Brigadier Paul Crook, who has died aged 89, won a DSO for his leadership of 3 Para Group in the assault on El Gamil airfield during the Suez Crisis.
In the summer of 1956, Gamal Abdel Nasser, the Egyptian President, nationalised the Suez Canal, which was owned by a joint Anglo-French company, and closed it to Israeli shipping. At the end of October, Israel invaded the Gaza Strip and the Sinai Peninsula and advanced towards the Canal Zone.
Meanwhile, Britain and France bombed Egyptian targets in an attempt to force the re-opening of the Canal, and deployed their troops in readiness for an invasion. 3 Para Group, commanded by Crook, was ordered to capture El Gamil airfield, Port Said, advance to the east of the town and link up with the seaborne Royal Marines.
The first transport aircraft in Operation Musketeer took off from Nicosia airport at dawn on November 5. El Gamil airfield was long and narrow and largely surrounded by water. Hard intelligence as to the dispositions of the Egyptian forces was limited, and when Crook and 600 men of 3 Para were dropped into action at first light the leading companies came under mortar, machinegun and tank fire from an Egyptian battalion group.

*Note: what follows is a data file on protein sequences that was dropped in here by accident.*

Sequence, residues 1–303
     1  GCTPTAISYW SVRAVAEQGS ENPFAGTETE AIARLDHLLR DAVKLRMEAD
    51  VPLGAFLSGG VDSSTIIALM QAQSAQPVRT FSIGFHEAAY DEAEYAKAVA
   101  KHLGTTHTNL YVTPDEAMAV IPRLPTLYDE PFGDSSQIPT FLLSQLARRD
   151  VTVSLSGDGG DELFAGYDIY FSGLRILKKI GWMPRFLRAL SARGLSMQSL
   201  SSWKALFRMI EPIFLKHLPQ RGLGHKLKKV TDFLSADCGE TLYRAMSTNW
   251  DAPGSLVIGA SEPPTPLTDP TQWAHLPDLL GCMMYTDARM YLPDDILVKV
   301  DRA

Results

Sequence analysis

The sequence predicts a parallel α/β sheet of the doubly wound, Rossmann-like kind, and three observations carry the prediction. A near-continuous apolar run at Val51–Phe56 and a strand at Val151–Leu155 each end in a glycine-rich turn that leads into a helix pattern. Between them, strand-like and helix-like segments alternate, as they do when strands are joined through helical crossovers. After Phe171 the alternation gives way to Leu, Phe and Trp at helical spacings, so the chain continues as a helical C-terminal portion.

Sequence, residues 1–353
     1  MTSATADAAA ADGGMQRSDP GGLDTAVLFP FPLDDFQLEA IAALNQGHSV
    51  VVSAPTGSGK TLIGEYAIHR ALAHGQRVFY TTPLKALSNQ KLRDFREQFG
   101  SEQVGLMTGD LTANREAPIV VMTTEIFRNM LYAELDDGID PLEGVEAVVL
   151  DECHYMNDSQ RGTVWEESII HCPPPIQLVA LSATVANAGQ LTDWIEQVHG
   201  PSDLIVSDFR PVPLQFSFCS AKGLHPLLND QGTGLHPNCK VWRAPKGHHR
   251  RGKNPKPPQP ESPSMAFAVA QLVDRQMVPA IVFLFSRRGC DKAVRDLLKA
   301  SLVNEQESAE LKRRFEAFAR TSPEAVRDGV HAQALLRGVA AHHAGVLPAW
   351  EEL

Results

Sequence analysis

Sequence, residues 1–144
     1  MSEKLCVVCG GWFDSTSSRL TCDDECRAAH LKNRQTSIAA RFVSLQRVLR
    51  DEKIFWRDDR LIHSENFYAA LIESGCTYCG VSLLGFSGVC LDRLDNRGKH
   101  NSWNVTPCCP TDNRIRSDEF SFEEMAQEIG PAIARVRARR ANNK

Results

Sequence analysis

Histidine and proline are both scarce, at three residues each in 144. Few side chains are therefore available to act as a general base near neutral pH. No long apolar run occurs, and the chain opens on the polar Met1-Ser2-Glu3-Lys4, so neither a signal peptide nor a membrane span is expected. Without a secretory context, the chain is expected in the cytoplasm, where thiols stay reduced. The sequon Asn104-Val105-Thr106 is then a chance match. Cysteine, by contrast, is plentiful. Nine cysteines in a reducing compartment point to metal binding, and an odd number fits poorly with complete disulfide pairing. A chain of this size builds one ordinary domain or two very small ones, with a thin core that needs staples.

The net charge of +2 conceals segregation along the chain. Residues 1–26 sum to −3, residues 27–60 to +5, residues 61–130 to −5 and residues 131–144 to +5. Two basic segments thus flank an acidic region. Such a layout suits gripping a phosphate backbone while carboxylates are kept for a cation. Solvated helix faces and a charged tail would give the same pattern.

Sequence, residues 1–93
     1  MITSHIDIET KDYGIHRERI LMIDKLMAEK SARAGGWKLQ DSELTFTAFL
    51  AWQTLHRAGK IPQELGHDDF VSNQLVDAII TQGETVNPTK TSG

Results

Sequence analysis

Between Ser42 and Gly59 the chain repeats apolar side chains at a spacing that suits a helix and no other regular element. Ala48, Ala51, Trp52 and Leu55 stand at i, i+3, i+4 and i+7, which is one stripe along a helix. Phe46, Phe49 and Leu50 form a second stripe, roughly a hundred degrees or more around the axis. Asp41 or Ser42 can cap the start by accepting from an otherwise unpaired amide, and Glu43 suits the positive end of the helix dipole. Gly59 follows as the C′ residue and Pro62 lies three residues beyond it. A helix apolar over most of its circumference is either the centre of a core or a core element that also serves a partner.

One enemy company, armed with medium machineguns, was operating from two pillboxes and another strong company position was located in a cemetery closer to the town. Crook's command team dealt with the enemy positions, firing at them from a distance by calling on the weapons of Support Company and strikes by the Fleet Air Arm.
The airfield was quickly cleared and secured, and, following an airstrike by Venoms and Sea Hawks, at 10.30 am an attack went in against the unit deployed in the cemetery. Some Egyptian soldiers fought with considerable courage, but few employed aggressive tactics and no counter-attacks were mounted.
3 Para Group was reinforced by a second drop of men and equipment in the afternoon. By dusk, the group had overwhelmed an enemy superior in numbers and secured an area considerably larger than that originally demanded of them. It had also captured large quantities of arms and ammunition while sustaining light casualties.